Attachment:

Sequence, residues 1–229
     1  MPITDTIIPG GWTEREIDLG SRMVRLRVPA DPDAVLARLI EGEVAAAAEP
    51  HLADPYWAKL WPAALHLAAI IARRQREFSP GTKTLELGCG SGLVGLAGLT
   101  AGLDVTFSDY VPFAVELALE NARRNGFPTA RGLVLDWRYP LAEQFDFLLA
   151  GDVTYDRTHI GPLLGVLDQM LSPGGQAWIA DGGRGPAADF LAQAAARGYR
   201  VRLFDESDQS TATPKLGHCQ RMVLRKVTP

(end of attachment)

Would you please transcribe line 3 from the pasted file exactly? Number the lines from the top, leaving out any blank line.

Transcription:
    51  HLADPYWAKL WPAALHLAAI IARRQREFSP GTKTLELGCG SGLVGLAGLT